Numerous things can cause a feline to end up being constipated: a digestive blockage, stress, insufficient workout, inadequate water, arthritis, a growth, or something else completely. Symptoms include straining to defecate, tiny or difficult feces, and sometimes not defecating for days. A mild case of constipation can be treated by including fiber to the feline’s diet or by providing him a laxative. Severe cases can need a procedure to remove the affected feces. And in extreme situations, if the colon’s nerves have actually been harmed by extended impaction, surgery may be recommended to get rid of the broken area of colon.
Constipation may sound like a harmless adequate problem, however for some cats constipation can cause disease procedures that can even be life ending.
Constipation is a condition in which felines pass feces less often or in smaller sized quantities than regular. Feces are frequently difficult and dry, which might cause cats to strain or have problem passing feces. While constipation might happen regularly, obstipation is a more relentless and severe form of constipation, in which defecation is difficult or nearly impossible.
Main Causes of Constipation in Cats
The reason for constipation and obstipation (the severe, end-stage kind of this disease procedure) is believed to be multifactorial. A few of the prospective causes include:
- Blockages from hairballs or other foreign products
- Unwillingness to use the litterbox due to the fact that of stress, a change in litter, a full/dirty box, or painful urination
- Lack of workout
- Reduced water intake
- Dehydration, typically caused by kidney disease
- Nerve damage
- Arthritis, making it painful to squat
- Some drugs, including anesthetics
In some felines, a condition called megacolon contributes to constipation and obstipation. Megacolon is characterized by a decreased capability of the colon to move fecal material through in the regular method. Fecal product collects in the colon, leading to constipation. Researchers think that megacolon is brought on by an issue with contraction of the muscles in the colon. It has also been suggested that severe extended retention of feces (similar to constipation or obstipation) can extend and damage the muscles of the colon, triggering megacolon to establish. Nevertheless, the reason for megacolon is undetermined for the most parts.
Constipation in Cats: Signs & Symptoms
Felines with constipation or obstipation may exhibit the following signs:
- Infrequent or no defecation
- Straining to defecate
- Difficult, dry feces
- Defecating outside the litterbox
- Small quantities of feces
- Percentage of liquid stool with mucus or blood
- Lack of cravings
Male cats with a blocked urinary tract might likewise strain in the litterbox. Owners might mistake this for constipation, which is an issue considering that a blocked urinary tract is a medical emergency situation. If your feline is straining in the litterbox and there is no evidence of urine or just a percentage of urine, contact your veterinarian instantly!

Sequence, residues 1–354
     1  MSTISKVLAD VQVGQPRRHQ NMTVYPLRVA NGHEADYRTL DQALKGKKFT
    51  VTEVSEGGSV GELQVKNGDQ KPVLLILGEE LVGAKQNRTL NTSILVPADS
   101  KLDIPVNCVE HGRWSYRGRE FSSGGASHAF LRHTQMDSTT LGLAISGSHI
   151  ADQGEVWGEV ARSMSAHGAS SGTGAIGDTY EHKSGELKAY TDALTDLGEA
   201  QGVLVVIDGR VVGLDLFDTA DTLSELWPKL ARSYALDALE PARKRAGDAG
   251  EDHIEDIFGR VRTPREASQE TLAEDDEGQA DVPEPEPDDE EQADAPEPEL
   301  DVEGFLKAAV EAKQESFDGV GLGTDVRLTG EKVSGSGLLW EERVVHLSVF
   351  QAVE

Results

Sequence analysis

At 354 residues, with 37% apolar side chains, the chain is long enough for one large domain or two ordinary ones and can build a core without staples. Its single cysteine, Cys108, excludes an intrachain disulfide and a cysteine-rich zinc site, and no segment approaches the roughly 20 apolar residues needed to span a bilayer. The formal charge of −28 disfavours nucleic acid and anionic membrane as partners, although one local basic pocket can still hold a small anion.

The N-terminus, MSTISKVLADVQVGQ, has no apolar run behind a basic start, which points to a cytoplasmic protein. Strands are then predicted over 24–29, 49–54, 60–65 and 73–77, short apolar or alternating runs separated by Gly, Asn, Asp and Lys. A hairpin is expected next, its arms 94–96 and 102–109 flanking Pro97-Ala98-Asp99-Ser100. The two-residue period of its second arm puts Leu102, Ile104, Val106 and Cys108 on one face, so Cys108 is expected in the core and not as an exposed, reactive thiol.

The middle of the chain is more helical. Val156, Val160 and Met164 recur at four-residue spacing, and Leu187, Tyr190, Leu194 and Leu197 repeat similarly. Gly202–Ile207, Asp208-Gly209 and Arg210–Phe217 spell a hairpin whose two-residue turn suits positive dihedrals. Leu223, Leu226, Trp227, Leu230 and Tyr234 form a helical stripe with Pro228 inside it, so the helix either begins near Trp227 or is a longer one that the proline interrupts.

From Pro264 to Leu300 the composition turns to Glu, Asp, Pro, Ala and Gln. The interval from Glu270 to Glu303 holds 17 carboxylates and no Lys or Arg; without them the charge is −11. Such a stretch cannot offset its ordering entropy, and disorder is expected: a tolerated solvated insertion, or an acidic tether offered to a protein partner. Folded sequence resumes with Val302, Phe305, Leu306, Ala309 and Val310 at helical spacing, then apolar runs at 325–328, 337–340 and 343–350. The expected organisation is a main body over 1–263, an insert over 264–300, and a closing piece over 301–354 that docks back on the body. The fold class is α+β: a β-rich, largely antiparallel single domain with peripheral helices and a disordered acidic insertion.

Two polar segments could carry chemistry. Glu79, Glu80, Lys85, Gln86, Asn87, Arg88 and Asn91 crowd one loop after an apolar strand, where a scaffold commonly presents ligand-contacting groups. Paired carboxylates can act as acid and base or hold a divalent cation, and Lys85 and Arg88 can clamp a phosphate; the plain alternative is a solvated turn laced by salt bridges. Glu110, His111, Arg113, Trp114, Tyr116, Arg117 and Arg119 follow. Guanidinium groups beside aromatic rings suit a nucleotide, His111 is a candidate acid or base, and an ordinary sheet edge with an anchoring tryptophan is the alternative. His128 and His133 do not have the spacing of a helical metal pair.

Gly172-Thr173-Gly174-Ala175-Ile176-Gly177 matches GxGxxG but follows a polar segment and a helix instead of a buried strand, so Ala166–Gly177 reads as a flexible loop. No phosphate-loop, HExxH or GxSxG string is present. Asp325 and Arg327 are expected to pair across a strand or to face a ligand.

Vets may be able to palpate (feel) the abdominal area to find firm feces in the intestines. In overweight cats, nevertheless, abdominal fat can restrict a vet’s ability to feel fecal product in the intestines. In these cases, a radiograph (X-ray) might be essential to examine the problem. When it comes to obstipation or megacolon, the colon will be greatly stretched beyond its normal size.
Sometimes, an endoscopic test might be required. Anesthesia is needed for this procedure, which involves placing a tube consisting of a little cam into the rectum. This enables the veterinarian to look inside the anus and colon for irregularities such as constricting of the colon or tumors that may prevent feces from passing. A biopsy of the tissue might also help recognize other disease processes that are causing/contributing to this procedure.
Vets will also suggest blood work to search for underlying diseases that might cause dehydration resulting in constipation.
All breeds of cats are susceptible to developing constipation.
Treatment differs depending upon the degree of constipation and the amount of pain an animal is experiencing. If constipation is mild, vets might supplement a cat’s diet with fiber, such as canned pumpkin, bran, or psyllium. Other medications, such as stool softeners, laxatives, and motility modifiers, may help, as well.
If an underlying condition, such as kidney disease, might be causing dehydration and constipation, dealing with the issue and rehydrating the cat with fluid therapy can help.
For more severe kinds of constipation, enemas may be needed. Anesthesia for manual removal of feces might be advised in severe cases.
In cases of megacolon, the size of the colon can sometimes be extended so far that the muscles of the digestion tract are completely damaged. When this occurs, surgical elimination of the affected portions of the colon may be required. Postoperative complications can include chronic diarrhea, but this procedure is frequently considered a lifesaver.
Due to the fact that dehydration is often involved in constipation, making certain cats have adequate access to clean water is essential. Similarly, if a feline has kidney disease or another illness that inclines to dehydration, extra fluid therapy might be recommended. Cats with arthritis may gain from joint supplements or pain medication, and cats with a history of constipation may benefit long term from a special diet or supplement that provides additional fiber.
Obstipation and megacolon might be prevented in many cases by extremely assiduous observation of the cat’s elimination habits and medical management of the disease process throughout.